A COUPLE OF STROBES CAN ADD
EXTRA CLARITY TO YOUR MACRO
FLOWER PHOTOS AND LET YOU
DIRECT THE LIGHT FROM ANY
ANGLE YOU WANT
Window light is simple and effective for
a project like this, but flash lighting can
give your macro images extra clarity,
offer greater control, and minimize the
chances of subject and camera shake.
What’s more, it means the lighting
stays completely consistent
throughout; with window light, there’s
a chance that the clouds may part or
the light levels may drop. For the shot
on the left, we used three studio
flashes. First, a softbox was placed
above the flower for soft, top-down
illumination. Next, a second light, fitted
with a circular reflector was placed
behind the subject, angled back
towards it for harder edge lighting.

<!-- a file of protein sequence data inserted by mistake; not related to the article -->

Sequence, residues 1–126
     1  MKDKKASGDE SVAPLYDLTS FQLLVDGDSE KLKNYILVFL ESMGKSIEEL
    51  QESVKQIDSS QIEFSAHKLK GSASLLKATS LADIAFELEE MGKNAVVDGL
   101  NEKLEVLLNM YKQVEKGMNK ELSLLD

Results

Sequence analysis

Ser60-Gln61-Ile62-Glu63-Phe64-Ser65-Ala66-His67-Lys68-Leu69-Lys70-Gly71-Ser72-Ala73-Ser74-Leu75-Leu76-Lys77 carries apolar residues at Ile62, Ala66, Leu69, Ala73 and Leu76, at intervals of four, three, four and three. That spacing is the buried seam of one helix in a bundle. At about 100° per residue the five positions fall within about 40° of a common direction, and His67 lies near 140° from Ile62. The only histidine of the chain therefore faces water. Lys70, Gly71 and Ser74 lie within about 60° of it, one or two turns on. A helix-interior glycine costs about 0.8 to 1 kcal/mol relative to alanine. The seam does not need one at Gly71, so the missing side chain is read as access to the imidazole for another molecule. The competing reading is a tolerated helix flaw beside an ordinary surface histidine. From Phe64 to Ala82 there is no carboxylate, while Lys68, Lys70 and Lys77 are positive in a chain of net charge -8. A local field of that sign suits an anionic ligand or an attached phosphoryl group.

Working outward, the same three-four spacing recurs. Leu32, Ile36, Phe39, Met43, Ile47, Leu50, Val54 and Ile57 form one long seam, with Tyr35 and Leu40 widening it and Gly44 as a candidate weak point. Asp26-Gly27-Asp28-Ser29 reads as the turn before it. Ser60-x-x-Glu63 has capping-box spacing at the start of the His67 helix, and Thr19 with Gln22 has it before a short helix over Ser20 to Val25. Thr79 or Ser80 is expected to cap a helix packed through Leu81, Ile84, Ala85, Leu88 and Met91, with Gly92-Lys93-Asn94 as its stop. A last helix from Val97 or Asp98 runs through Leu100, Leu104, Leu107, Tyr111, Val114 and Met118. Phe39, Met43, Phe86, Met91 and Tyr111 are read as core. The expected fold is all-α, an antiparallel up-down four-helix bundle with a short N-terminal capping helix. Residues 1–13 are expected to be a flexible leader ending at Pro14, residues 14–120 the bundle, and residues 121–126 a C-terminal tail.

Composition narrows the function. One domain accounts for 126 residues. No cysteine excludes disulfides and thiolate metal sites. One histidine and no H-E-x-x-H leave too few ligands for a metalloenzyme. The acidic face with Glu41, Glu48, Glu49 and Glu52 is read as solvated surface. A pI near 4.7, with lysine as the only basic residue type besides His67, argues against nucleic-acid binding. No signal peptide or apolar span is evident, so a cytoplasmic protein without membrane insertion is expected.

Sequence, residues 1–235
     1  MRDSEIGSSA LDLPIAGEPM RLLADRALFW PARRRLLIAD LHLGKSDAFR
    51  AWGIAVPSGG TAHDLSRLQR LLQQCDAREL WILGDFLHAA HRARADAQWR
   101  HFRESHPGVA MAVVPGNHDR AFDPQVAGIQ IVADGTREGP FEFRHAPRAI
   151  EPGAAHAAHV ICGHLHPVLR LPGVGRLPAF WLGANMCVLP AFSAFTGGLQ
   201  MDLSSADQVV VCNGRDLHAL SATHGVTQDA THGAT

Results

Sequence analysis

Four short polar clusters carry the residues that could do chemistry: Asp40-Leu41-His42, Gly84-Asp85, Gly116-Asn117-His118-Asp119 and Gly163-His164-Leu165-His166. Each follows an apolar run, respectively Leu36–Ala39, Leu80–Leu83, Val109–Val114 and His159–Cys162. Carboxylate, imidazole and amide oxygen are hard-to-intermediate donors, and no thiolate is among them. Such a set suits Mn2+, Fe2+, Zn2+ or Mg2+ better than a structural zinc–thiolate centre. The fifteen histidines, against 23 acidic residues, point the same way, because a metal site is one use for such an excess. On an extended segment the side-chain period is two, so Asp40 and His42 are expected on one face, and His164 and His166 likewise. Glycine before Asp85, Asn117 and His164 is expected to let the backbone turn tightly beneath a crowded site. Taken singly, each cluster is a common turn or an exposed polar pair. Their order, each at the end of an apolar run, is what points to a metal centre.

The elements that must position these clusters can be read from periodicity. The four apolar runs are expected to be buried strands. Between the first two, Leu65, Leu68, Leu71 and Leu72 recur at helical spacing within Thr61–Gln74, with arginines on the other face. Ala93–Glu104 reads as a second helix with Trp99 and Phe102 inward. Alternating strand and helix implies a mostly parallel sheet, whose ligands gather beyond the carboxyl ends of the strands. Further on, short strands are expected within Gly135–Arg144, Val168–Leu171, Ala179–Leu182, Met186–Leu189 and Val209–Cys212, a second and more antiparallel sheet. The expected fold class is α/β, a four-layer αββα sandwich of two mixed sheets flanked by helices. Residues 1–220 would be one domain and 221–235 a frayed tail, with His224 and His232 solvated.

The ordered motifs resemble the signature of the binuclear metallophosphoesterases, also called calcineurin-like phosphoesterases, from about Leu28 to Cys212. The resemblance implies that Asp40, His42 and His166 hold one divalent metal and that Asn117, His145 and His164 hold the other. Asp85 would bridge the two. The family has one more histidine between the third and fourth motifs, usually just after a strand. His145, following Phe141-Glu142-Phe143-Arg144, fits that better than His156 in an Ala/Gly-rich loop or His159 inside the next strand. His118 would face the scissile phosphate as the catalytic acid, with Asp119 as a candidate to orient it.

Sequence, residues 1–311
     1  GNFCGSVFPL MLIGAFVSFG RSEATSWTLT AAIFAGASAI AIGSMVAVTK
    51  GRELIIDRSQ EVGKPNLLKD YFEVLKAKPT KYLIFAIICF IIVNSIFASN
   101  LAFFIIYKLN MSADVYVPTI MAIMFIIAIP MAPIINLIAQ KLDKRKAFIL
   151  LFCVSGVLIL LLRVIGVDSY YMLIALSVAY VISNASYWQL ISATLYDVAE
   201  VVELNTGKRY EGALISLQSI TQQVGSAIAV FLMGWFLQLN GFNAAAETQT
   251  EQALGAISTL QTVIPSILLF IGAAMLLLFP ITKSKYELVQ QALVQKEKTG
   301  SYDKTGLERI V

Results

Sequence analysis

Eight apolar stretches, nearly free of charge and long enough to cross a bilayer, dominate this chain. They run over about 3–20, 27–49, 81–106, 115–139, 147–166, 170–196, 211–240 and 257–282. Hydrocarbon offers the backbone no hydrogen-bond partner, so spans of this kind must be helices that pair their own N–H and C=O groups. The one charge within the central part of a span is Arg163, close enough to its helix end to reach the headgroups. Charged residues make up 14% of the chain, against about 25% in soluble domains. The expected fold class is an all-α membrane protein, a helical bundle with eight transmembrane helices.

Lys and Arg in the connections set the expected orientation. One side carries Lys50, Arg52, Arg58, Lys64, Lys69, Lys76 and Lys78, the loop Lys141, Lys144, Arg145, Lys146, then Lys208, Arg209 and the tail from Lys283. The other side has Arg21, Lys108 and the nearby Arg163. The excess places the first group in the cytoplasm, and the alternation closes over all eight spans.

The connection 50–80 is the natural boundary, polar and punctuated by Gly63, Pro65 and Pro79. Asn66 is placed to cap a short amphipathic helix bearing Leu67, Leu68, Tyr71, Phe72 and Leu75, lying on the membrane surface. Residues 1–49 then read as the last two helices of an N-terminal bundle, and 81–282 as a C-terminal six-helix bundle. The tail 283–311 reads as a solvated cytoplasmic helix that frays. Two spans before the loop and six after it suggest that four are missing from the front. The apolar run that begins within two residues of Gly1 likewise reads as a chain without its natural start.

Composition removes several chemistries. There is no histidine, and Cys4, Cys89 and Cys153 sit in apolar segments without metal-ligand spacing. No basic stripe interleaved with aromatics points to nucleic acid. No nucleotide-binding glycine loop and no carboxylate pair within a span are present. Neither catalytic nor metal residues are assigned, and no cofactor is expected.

A third light was also angled onto the
backdrop, and fitted with a coloured gel
to add a touch of background colour.
Working in combination, our three
flashes lit the flower and the backdrop
for a vibrant close-up.
Open Helicon Focus
When we have all our shots, we can
combine the sharp parts from each frame in
Helicon Focus. Just drag the set of photos in
and hit Render to combine them. If needed,
play with the three Rendering Methods.
Once done, save the stack. If you’ve shot a
pano you’ll need to repeat for each segment.
Open Camera Raw
After stacking all the segments, the
next step is to stitch them together. One of
the easiest ways to do this is in Photoshop’s
Camera Raw. Highlight all the images in
Adobe Bridge and ‘Open in Camera Raw’,
then click the top-left menu and choose
Merge to Panorama.
Retouch and tidy
Experiment with the panorama
settings (for us, Cylindrical Projection
works very well) and use Boundary Warp to
tidy any transparent edges. Finally, hit
Merge, then open the image into Photoshop
and use the Cloning and Healing tools to
tidy up any messy areas.
Merge your shots
HERE’S HOW TO PIECE 100-PLUS PHOTOS
INTO A SINGLE, HIGHLY-DETAILED IMAGE